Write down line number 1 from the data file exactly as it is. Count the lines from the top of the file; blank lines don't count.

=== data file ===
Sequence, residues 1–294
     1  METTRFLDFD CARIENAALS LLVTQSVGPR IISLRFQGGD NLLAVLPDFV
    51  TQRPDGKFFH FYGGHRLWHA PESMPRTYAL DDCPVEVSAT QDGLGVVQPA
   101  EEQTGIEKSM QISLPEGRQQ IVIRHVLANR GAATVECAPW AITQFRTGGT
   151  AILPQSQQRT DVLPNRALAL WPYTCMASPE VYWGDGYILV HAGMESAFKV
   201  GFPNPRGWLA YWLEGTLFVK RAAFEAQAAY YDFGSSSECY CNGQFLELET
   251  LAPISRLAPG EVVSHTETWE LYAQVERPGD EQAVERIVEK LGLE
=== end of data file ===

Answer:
Sequence, residues 1–294